Guest Post: Must we throw out the brain with the bathwater? Marc Lewis on addiction

Written by Anke Snoek

Macquarie University

When neuroscience started to mingle into the debate on addiction and self-control, people aimed to use these insights to cause a paradigm shift in how we judge people struggling with addictions. People with addictions are not morally despicable or weak-willed, they end up addicted because drugs influence the brain in a certain way. Anyone with a brain can become addicted, regardless their morals. The hope was that this realisation would reduce the stigma that surrounds addiction. Unfortunately, the hoped for paradigm shift didn’t really happen, because most people interpreted this message as: people with addictions have deviant brains, and this view provides a reason to stigmatise them in a different way.

In his recent book, Addiction and the biology of desire, Marc Lewis made an impressive attempt to show that behind every addiction is a normal person. His book is a hopeful story, but perhaps too hopeful. He describes a few recovery success stories, but what about the chronic cases? Some have accused him of glorifying and describing addicted persons as heroes.   (https://www.washingtonpost.com/opinions/choosing-to-stop-your-addiction/2015/08/20/1097a25e-36f8-11e5-9739-170df8af8eb9_story.html). However, an accusation as strong as this fails to see the authentic stand Lewis takes: he treats addiction as a developmental problem, and this results in a very plausible story of how one can become addicted and how one can recover.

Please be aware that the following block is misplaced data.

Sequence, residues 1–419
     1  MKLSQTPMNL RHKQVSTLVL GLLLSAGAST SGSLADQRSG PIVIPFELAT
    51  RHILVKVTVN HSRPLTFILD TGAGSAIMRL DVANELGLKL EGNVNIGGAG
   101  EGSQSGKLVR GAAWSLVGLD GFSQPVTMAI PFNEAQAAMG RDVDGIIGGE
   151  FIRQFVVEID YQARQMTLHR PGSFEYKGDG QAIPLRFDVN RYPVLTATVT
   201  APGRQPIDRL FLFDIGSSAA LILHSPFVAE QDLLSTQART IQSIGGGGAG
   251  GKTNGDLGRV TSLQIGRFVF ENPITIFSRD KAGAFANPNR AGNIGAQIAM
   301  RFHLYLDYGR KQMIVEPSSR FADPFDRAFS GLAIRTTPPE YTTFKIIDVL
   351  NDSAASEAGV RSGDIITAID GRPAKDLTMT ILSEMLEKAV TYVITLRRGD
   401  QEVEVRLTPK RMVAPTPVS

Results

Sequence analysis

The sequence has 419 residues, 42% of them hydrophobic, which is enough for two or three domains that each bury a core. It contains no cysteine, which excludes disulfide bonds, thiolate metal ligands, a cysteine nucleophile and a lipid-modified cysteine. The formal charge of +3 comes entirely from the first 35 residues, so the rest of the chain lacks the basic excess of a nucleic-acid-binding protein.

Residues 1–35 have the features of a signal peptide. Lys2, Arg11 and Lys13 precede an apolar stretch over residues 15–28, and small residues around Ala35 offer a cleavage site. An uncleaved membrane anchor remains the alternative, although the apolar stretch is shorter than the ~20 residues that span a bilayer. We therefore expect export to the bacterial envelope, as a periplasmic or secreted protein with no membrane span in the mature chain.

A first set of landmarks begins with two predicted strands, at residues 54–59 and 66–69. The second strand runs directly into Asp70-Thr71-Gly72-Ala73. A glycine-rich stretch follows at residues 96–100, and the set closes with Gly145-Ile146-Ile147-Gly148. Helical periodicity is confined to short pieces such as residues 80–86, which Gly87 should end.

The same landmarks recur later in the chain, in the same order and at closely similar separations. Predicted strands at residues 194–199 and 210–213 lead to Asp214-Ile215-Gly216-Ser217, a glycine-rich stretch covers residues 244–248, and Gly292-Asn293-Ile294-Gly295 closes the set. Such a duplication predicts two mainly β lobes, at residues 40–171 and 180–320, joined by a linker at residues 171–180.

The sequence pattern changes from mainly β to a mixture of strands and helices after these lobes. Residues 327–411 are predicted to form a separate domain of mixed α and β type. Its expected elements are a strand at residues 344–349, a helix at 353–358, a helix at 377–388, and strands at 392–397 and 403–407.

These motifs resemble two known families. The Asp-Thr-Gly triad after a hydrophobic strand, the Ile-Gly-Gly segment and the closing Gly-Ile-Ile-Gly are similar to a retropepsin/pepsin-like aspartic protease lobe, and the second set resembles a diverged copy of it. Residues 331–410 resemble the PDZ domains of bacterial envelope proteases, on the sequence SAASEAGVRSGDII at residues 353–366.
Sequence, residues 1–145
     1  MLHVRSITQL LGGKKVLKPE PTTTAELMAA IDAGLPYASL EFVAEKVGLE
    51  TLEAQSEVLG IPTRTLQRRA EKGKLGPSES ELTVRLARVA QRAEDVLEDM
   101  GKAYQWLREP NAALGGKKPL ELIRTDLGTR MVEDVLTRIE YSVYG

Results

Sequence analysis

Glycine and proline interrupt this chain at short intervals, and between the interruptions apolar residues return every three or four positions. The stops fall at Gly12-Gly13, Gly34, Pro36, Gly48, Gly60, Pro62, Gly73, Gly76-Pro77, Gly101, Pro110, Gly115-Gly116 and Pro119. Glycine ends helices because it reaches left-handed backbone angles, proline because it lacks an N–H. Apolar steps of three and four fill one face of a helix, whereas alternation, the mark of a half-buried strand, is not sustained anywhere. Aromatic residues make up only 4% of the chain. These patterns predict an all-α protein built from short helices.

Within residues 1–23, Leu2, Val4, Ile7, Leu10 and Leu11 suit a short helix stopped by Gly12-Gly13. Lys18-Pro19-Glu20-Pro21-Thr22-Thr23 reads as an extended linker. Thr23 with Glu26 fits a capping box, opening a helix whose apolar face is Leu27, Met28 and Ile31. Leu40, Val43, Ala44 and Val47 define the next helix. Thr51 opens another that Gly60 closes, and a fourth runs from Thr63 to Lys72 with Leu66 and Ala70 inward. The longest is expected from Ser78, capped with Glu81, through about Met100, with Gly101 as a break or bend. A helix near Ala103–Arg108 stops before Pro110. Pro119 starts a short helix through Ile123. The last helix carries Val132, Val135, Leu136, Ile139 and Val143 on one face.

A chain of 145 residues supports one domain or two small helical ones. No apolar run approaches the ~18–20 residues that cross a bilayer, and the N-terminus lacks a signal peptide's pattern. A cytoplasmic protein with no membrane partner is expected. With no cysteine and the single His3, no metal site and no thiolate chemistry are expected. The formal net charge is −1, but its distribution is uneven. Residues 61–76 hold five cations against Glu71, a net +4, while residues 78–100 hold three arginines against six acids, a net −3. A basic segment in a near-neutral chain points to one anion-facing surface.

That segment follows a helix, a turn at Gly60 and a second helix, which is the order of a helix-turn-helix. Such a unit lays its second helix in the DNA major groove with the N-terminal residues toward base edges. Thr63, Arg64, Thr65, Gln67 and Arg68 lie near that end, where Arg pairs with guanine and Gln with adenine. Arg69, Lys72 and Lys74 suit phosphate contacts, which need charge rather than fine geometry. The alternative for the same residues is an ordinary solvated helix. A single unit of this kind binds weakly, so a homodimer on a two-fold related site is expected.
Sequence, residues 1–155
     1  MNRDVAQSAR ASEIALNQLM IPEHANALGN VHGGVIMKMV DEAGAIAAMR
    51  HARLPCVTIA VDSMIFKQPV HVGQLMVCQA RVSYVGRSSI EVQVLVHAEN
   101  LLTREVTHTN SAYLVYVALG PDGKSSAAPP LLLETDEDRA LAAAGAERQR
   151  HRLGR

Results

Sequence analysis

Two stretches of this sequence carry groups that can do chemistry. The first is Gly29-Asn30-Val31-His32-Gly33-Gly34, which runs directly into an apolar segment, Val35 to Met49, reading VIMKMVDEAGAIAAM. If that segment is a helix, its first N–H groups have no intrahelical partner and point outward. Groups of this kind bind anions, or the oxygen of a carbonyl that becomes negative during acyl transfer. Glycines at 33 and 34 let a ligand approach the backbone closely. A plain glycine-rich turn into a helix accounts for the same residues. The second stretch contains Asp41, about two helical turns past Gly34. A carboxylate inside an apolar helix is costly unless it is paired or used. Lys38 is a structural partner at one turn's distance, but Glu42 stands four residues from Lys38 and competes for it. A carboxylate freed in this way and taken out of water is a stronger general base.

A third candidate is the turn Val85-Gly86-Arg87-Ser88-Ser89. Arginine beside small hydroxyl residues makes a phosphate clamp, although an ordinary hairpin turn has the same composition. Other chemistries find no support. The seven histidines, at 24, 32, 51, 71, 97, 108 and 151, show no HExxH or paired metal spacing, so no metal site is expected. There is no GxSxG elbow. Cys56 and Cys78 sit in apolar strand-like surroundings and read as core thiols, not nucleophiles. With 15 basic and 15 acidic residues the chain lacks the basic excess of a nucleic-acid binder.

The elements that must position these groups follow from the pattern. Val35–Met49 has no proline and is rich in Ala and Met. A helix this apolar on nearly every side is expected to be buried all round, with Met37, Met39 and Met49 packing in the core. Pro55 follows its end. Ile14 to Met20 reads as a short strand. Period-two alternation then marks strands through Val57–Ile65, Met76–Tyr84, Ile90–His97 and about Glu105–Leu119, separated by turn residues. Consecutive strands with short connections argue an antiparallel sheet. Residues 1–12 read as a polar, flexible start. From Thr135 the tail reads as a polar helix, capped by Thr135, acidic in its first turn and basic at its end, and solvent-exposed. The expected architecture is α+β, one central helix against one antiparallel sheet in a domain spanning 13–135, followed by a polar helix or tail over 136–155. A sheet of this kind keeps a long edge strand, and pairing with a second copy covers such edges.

But let’s start at the beginning. Neuroscience is not the robust science most people take it for. Although our understanding of the brain has grown exponentially in the last decade, it is still quite difficult to translate certain brain mechanisms into human behaviour. When following a certain research stream, for example, on the role of the neurotransmitter glutamate, γ-aminobutyric acid (GABA) in addiction, you see different researchers struggling to translate their findings into human behaviour. Researchers with the most catchy metaphors get picked up by the media, but sometimes their metaphors start to live lives of their own. One example is the metaphor that drugs “hijack our brain”. The metaphor is a bit inaccurate, yet, it has become a very popular phrase. Lewis warns about these types of methaphors: ‘So when I say my brain made me do it, or my brain hurts, or my brain really likes alcohol, we are mixing metaphors, confusing levels of analysis. Similarly, to state that craving or pleasure takes place in a certain part of the brain is a figure of speech. (…) Brains don’t have likes or dislikes, rewards or punishments, goals or cravings. Those are things people have.’ Lewis connects the neuroscience back to personal experiences.